destroy your computer from anywhere in the world. It’s a fantastically
convenient piece of kit when it works properly.

The particular BMC we have is made by a company who shall remain
anonymous, but we’ll call them MuperSicro. Now, MuperSicro’s BMC is
designed to share an Ethernet port so that it doesn’t need a dedicated
port. It does still have its own MAC address, though. Or it
should. This particular unit came to me with a MAC address of
00:00:00:00:00:00. Their solution? “Take the MAC address of LAN2 and add
1.” That works, but I would like it if parts came properly configured. I
ordered a BMC, not a Heathkit for one.

More fun comes from our LSI 8888ELP controller. This is a fantastic
SAS RAID controller — internal and external ports, 512MB of cache,
and excellent OS compatibility. The configuration, though, is a bit
daffy. For their BIOS configuration, you have a choice. You can use
WebBIOS, which poorly imitates a webpage, uses a mouse, and it just
about the worst choice of interface for RAID configuration imaginable.
Alternatively, you can use Preboot CLI, which is MegaCLI in standalone
firmware form. The deficiencies of MegaCLI have been href="">adequately
discussed by others, and I can say as a man who uses both mplayer
and ffmpeg frequently, it is bar none the most hideous and inconsistent,
poorly-documented piece of crap command-line tool I have ever used.

Without proper documentation, I willy-nilly decided to enable
DirectPdMapping, figuring that it would allow me to get direct access to
the drives. That particular option is, I might add, not documented in
the MegaRaid SAS User’s Guide available on LSI’s website. It said I
needed to reboot, so I did, and I was greeted with this:

Attached Enclosure doesn't support in controller's Direct mapping mode
Please contact your system support.
System has halted due to unsupported configuration.

The controller decides that it can’t use the enclosure in the way I
asked, so it halts the system. It doesn’t offer to turn direct mapping
off (which would be nice) or offer to load the configuration tool (which
would be expected), it just halts. The solution is to open the case and
unplug the SAS cable to the enclosure, which then allows the machine to
boot so that you can change it, then plug it back in and continue on
your way. If this machine was in a rack in the datacenter when this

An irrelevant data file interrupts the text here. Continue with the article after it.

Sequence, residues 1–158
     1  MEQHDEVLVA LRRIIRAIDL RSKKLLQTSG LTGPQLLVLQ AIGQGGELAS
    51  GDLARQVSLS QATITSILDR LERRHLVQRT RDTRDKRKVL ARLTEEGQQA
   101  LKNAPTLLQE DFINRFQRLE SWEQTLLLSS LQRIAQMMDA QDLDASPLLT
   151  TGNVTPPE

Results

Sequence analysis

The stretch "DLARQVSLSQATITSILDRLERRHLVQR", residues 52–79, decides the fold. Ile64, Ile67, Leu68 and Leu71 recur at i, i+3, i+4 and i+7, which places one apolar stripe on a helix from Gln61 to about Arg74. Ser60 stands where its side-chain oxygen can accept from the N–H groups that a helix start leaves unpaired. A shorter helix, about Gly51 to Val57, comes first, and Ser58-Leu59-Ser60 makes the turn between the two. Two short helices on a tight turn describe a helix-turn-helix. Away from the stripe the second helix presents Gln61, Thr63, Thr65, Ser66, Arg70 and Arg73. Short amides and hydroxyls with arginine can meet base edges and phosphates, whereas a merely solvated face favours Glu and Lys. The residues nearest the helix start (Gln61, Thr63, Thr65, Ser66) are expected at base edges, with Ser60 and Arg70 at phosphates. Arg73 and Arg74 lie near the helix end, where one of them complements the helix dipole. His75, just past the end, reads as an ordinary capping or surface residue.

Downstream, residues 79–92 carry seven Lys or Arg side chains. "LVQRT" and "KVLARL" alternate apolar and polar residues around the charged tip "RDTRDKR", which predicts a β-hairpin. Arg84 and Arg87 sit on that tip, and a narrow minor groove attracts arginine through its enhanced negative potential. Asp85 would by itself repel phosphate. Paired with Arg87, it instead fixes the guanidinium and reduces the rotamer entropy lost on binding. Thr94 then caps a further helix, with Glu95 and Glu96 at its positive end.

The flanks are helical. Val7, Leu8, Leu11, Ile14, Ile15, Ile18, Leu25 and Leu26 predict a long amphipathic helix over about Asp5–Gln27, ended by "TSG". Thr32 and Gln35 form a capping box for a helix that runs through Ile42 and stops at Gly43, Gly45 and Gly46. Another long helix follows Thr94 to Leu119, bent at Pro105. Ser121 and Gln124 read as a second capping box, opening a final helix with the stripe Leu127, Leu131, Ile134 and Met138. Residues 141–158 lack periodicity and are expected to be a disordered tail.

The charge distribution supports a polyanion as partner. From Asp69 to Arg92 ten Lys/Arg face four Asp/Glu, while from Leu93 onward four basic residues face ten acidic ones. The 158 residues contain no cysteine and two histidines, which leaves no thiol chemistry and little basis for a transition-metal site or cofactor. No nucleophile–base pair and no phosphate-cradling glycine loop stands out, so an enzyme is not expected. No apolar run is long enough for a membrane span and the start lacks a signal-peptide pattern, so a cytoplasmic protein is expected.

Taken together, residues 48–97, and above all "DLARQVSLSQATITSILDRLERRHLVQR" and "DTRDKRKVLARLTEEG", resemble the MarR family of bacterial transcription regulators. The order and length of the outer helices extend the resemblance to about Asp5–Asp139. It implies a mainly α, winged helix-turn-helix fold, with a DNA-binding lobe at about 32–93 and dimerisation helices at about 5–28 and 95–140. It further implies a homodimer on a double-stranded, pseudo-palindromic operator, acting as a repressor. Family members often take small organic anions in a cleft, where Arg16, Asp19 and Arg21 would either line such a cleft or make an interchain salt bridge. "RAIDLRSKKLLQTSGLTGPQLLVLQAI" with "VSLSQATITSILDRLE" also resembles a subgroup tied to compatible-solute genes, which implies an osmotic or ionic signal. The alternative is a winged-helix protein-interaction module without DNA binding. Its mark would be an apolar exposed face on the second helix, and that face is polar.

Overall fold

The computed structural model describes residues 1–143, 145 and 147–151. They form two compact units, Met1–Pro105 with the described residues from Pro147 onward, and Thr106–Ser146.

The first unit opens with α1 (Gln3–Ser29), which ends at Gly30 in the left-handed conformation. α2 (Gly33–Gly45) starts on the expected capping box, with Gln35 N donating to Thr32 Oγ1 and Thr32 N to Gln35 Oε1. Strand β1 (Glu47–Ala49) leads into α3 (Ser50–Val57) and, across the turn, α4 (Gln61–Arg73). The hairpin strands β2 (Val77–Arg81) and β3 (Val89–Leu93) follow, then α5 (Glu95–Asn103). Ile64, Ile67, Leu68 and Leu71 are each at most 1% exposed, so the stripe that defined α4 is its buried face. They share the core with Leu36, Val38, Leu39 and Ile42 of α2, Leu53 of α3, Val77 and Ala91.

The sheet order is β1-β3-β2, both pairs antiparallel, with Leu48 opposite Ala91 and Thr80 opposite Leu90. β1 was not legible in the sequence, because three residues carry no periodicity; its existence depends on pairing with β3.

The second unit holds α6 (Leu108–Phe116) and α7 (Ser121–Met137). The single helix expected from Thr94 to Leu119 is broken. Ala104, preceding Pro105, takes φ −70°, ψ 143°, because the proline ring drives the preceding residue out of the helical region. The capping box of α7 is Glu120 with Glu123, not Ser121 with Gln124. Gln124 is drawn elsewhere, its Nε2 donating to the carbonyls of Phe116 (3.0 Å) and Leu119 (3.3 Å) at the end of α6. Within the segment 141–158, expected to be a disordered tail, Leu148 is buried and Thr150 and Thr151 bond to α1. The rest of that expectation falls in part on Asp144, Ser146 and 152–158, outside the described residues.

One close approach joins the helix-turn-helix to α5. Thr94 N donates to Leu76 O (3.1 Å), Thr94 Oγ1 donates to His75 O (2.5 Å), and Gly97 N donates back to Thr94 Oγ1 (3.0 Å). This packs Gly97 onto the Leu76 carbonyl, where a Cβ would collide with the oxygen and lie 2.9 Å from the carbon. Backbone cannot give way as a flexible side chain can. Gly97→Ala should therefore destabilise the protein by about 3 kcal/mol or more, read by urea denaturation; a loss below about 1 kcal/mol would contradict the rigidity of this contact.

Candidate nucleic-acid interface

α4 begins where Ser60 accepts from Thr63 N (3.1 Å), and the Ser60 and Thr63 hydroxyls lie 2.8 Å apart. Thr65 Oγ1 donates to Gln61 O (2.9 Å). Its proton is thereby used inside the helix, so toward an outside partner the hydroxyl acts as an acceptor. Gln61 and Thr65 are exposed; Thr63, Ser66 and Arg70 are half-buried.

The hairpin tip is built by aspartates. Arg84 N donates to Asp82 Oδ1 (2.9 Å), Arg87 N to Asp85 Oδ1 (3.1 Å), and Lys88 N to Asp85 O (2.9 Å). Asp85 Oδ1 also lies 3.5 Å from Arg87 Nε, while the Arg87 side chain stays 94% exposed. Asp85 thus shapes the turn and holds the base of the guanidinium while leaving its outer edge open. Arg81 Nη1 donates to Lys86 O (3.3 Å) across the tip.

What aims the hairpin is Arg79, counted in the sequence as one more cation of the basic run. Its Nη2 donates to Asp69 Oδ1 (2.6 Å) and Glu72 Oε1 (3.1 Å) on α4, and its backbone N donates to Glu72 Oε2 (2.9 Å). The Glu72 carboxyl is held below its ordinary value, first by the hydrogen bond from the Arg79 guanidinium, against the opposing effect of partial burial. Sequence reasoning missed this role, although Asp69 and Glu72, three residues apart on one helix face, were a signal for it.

happened, I’d have to bother the techs to go open it up and fiddle with
it. It allowed me to get into a situation that was unrecoverable without
physical intervention. That is completely unacceptable. Oh, and neither
WebBIOS or Preboot CLI can help you turn that feature off, either. I had
to boot into Linux to switch it back.

Invariably you will find foibles like these when building a new
system, which is why we spend time poking and prodding newly built
systems before putting them in our data centers and entrusting them with
your data.

Notes from the Dungeon

Hi, I’m Chip, SpiderOak’s semi-resident sysadmin. I’m the guy in the picture
below who looks like he’s up to no good. }:-> Mostly, I’m in charge of
keeping the beasts in the server room well-fed and happy, which, like most
admin work, involves generous helpings of my sanity. It’s a job that requires
me to be available around the clock — especially during inopportune times
like weekends and holidays. Nearly every day I’m asked to do something I
haven’t done before. Sometimes it’s fun, but many times it’s not.

But you know what? I love it.

And it’s not just because most days I can wake up at noon and work in the
wee hours of the morning, or that if I need a break I can pop into the other
room and play some Portal (Ah, GLaDOS, an admin after my own heart). I work
with a great bunch of people, and despite the fact that we’re many states and
time zones away from each other, the whole group meshes into a team that I’m
proud to be a part of. (My absence in the group picture below

What exactly goes on behind the scenes at SpiderOak? It’s a really sim…


Whoops, looks like I’ll have to explain later. Duty calls. :)